Microsoft and Nokia announced this morning that the Chinese Ministry of Commerce has approved Microsoft's acquisition of Nokia's devices and services businesses, subject to certain conditions to which Microsoft has agreed. The approval clears the way for the delayed $7.4 billion acquisition, which is now expected to close within days.
"The planned transaction whereby Nokia plans to sell substantially all of its devices and services businesses to Microsoft has today received regulatory approval from the Ministry of Commerce of the People's Republic of China," a Nokia statement notes. "Nokia and Microsoft have now received regulatory approvals from the People's Republic of China, the European Commission, the U.S. Department of Justice and numerous other jurisdictions."
Microsoft announced its intention to purchase most of Nokia's devices and services businesses—including all of its mobile and smart phone handsets—and to license other Nokia properties such as the Nokia brand and HERE location services—in September 2013. At the time, the firms said they expected the deal to close by the end of the first quarter of 2014. But regulatory slowdowns in China related to complaints from Samsung and China-based Android phone makers delayed the completion of the transaction.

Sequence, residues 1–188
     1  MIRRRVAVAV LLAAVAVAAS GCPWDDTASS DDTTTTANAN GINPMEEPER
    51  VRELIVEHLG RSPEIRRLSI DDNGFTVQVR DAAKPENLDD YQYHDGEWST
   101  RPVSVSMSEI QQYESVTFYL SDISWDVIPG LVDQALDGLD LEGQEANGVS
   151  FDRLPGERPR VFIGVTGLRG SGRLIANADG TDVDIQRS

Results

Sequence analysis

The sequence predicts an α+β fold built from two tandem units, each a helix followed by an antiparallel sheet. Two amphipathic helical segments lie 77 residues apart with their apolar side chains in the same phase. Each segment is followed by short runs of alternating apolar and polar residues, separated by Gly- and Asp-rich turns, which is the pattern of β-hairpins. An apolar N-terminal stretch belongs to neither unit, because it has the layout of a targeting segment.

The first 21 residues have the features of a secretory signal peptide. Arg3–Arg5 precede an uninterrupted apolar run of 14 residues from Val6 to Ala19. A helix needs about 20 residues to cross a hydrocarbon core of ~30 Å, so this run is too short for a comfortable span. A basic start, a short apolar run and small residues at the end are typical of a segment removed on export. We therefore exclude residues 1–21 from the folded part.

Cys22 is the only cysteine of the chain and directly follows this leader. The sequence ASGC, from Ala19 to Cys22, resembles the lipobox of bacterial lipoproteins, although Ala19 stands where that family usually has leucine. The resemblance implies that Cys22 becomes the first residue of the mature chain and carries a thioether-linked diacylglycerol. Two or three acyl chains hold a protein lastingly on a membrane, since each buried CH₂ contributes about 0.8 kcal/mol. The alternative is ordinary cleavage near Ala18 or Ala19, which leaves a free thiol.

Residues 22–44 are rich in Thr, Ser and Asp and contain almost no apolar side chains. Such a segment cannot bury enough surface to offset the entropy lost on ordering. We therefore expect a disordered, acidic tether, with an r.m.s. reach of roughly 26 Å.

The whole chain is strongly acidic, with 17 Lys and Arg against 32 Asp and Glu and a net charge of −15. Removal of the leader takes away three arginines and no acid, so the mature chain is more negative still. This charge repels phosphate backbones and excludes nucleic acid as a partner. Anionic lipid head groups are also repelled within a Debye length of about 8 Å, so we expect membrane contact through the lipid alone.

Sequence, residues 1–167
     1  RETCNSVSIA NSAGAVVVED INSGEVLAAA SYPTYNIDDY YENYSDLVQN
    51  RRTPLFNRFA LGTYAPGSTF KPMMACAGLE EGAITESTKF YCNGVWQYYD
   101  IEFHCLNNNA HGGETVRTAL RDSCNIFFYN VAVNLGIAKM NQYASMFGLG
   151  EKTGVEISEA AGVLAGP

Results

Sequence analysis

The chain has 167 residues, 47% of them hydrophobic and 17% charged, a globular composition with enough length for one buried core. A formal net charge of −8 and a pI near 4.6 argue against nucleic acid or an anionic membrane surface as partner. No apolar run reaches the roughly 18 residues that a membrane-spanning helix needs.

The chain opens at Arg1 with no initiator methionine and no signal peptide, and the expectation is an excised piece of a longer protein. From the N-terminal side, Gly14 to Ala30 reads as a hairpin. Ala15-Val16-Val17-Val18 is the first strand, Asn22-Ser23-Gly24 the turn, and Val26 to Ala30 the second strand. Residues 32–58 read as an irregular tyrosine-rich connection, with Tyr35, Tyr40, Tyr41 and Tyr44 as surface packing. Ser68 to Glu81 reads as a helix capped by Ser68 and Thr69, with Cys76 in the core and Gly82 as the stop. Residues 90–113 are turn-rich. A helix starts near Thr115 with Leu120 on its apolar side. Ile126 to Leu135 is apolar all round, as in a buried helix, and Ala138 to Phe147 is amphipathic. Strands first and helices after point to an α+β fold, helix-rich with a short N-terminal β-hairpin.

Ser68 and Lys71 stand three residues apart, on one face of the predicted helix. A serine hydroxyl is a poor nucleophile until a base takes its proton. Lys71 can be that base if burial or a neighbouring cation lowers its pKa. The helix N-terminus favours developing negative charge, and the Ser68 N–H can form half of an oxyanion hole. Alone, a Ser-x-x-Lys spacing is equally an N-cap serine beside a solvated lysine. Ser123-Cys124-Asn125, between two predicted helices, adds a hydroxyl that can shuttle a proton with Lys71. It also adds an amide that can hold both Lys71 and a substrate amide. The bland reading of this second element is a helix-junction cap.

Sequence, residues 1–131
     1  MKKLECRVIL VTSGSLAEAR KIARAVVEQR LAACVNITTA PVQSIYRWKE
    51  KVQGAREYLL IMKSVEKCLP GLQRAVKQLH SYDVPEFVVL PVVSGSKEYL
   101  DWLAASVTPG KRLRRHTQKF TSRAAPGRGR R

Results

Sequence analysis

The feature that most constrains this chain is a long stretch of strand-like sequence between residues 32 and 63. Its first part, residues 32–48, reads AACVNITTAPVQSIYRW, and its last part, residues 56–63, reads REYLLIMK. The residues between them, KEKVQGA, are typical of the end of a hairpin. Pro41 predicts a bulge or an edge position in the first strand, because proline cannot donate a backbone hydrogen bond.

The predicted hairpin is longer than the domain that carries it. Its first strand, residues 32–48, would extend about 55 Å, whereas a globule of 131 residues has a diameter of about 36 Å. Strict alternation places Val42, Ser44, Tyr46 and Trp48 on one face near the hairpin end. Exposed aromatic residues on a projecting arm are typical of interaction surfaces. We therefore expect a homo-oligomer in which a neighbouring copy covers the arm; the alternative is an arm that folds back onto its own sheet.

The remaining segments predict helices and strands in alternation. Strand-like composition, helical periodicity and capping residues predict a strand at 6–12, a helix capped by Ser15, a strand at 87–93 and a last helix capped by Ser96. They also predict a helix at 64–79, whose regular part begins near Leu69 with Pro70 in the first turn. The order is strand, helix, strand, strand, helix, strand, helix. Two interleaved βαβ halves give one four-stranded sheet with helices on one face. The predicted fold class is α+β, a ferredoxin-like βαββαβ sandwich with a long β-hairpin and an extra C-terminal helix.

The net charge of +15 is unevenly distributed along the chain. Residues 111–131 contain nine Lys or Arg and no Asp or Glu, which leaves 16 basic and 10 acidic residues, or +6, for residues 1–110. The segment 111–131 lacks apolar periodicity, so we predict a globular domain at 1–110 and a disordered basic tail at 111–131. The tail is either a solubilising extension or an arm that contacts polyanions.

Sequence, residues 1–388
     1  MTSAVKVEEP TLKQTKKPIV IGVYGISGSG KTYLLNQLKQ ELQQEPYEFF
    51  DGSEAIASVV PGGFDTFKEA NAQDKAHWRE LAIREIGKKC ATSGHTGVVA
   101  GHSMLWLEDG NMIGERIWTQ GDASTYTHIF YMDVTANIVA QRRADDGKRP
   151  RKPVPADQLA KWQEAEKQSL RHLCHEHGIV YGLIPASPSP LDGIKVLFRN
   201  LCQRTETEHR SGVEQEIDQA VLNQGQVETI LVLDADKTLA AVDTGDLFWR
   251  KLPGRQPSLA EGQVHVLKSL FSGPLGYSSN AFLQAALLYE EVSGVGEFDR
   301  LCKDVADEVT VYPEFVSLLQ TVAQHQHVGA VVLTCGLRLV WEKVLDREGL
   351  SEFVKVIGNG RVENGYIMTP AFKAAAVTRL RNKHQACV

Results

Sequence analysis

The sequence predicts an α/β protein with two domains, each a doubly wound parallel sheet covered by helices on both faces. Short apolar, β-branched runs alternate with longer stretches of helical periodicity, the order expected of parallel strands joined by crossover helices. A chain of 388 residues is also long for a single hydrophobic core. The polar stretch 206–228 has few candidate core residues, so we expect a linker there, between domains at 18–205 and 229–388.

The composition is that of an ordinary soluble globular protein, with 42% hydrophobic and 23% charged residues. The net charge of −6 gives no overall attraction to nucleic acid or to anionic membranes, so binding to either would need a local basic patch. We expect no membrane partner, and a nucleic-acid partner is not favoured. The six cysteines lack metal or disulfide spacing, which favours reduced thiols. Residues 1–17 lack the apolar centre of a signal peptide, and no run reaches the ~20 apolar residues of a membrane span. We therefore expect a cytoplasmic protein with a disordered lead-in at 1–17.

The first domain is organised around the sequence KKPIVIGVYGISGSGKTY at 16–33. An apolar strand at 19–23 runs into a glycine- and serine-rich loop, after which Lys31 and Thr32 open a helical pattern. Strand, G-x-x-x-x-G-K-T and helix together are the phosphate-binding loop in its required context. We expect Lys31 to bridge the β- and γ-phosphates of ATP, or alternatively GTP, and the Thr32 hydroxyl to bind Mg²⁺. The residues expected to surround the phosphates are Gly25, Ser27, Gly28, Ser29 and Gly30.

In its agreement with the Chinese Ministry of Commerce (MOFCOM), Microsoft promises to license standard-essential patents to Android phone makers for "fair, reasonable and non-discriminatory terms," an industry standard known as FRAND, at price levels commensurate with its licensing practices elsewhere. And it will not seek court orders to prevent the sale of smartphones within China by companies that are licensing those patents.
These terms are no different than what Microsoft offers to licensees outside of China.
"MOFCOM's decision effectively adopts Microsoft's current patent licensing practices," Microsoft corporate vice president and deputy general counsel David Howard wrote in a post to The Official Microsoft Blog. "In reaching its decision, MOFCOM concluded after its investigation that Microsoft holds approximately 200 patent families that are necessary to build an Android smartphone."